Transcript – Episode 74

[Show music begins]

Michael Harle: This is Episode 74 of Alohomora! for March 15, 2014.

[Show music continues]

Michael: Hello, listeners. Welcome to this latest episode of Alohomora! I’m Michael Harle.

Rosie Morris: I’m Rosie Morris.

Eric Scull: I’m Eric Scull. And joining us today is our guest: Kevin Bloomfield. Hello, Kevin.

Kevin Bloomfield: Hello.

Eric: How are you today?

Kevin: I’m doing quite well. And yourself?

Eric: Not too bad considering it is the Ides of March when we bring this episode out. Oooooh.

[Rosie laughs]

Eric: Spooky Ides of March. Kevin, please tell our listening audience a little bit about yourself. What Hogwarts are you in? And all of that stuff.

Kevin: Okay. My name is Kevin. I am an Slytherin, a third year at the Ohio State University studying Greek, Latin, and History. And it’s my intention to pursue a PhD in Medieval History, and Harry Potter is one of the Holy Trinity of fandoms I follow – podcasts – this, Star Wars, and Game of Thrones. So it’s… being here is phenomenal.

Eric: Wow.

Rosie: Guys, he’s out-ancienting me!

[Eric and Rosie laugh]

Michael: The funny thing was, all those things were… that was so interesting, but the thing that really caught me the most was that he’s a Slytherin because we never have Slytherin guests!

Rosie: I know!

[Michael and Rosie laugh]

Michael: That’s so exciting.

[Eric laughs]

Eric: We’ll see how a Slytherin takes this end of this particular book. But before we do, we’d like to remind all of our listeners to be sure to have read Chapter 36, “The Parting of the Ways,”� in Harry Potter and the Goblet of Fire, which we will be discussing later in this episode.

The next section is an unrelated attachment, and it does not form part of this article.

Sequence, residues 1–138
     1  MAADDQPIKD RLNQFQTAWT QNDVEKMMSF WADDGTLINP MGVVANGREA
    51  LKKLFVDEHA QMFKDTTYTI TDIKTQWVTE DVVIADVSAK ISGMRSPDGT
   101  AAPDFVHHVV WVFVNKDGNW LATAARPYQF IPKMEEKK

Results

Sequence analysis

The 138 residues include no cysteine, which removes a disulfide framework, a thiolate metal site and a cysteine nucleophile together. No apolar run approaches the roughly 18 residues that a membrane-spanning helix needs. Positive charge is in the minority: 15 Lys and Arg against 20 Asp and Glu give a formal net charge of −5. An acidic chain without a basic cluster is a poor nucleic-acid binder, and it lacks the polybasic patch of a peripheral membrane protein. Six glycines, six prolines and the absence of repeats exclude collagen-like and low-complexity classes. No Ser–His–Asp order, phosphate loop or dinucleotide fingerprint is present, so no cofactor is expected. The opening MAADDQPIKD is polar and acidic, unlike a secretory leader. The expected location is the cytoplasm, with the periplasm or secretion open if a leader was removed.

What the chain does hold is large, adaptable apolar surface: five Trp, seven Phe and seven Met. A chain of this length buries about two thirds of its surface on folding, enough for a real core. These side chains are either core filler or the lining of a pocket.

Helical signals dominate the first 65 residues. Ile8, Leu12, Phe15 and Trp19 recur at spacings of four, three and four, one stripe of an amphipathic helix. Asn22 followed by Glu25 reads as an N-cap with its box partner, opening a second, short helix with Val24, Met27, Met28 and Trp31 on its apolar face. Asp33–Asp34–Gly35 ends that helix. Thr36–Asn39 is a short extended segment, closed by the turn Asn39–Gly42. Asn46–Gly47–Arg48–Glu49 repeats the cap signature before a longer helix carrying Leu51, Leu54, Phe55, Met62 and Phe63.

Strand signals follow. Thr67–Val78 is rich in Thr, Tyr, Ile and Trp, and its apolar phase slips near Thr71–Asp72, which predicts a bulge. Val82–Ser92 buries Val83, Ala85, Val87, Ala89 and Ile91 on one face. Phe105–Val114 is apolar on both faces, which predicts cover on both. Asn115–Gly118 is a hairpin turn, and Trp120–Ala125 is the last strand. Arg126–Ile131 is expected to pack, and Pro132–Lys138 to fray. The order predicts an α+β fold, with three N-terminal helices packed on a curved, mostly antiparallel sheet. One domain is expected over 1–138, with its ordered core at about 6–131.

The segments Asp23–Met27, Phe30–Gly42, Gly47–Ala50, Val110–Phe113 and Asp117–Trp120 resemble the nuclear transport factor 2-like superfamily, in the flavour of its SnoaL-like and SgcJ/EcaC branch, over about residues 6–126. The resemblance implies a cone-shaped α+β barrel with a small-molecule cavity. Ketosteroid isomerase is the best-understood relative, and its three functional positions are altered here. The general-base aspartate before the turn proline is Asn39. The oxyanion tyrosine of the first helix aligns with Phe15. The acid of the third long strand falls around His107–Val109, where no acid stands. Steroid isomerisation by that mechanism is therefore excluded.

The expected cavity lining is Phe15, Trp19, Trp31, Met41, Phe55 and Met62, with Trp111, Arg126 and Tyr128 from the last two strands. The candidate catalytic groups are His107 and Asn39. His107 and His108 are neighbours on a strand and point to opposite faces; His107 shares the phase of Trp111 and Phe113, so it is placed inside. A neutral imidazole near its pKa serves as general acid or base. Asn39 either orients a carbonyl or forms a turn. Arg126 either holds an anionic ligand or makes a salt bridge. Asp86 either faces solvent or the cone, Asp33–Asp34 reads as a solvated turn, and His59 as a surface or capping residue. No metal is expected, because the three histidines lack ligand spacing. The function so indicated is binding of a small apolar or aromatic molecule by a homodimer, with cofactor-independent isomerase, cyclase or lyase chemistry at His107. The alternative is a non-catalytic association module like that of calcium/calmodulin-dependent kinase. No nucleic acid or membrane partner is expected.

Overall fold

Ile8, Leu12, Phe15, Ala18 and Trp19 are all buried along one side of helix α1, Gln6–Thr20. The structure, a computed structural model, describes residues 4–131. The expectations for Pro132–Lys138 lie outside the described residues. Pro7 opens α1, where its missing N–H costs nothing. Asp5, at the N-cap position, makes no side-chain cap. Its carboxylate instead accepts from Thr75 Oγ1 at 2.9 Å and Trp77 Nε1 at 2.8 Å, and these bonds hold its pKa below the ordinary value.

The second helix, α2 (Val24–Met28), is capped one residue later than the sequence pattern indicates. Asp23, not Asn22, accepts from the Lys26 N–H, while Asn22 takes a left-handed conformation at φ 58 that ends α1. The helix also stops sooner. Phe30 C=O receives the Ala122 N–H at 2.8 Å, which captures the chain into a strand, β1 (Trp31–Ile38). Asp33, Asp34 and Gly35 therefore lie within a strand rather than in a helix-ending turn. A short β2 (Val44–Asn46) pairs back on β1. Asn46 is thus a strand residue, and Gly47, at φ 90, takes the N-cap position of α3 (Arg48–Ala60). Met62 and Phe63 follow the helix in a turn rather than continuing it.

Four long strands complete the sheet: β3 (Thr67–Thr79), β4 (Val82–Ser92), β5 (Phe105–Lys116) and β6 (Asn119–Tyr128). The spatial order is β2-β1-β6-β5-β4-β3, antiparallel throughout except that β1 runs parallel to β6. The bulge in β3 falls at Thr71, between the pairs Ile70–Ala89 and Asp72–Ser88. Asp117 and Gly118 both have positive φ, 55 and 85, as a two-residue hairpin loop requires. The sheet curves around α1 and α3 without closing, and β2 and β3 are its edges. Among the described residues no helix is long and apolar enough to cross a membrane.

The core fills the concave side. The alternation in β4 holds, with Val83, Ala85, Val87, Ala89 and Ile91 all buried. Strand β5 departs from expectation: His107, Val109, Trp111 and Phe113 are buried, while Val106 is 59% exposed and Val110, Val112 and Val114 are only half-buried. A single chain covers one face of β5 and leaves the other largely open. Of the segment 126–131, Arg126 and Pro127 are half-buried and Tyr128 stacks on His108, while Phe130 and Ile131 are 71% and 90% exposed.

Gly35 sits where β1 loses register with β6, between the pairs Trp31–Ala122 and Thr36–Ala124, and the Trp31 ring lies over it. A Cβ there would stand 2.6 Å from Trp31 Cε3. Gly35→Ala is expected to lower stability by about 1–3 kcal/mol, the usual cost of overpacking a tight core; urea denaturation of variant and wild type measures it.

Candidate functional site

Rosie: But before that, as we always do, we need to recap our discussion from last week, which was Chapter 35 and you guys have, yet again, blown us away with your amazing discussion. There are so many good posts on our site and on our forums that it was simply impossible to whittle it down to a few. So we’re probably not going to discuss these very much just because they’re already so good, but make sure you do go to the site and check out everything else that’s being written on there because they’re just amazing points. So we will start off with an amazing user name as well, which is BluntsSnitchesandBathsalts.

[Eric laughs]

Rosie: And it says,

“�I agree with the idea of the Foe-Glass working for people in general ownership of it. Similar to lending my computer to a friend; it’s my computer but they could still access it. If it worked for Moody alone (assuming the Foe-Glass can’t be fooled by Polyjuice Potion) wouldn’t Crouch Jr’s face always just appear in it? Moody is in constant mortal peril while no one knows his dire situation. Assuming the Foe-Glass could be hoodwinked by Polyjuice Potion, I still think Crouch Jr would be constantly present in the glass; Moody is still in constant danger and Crouch Jr is still Moody’s immediate enemy regardless.”�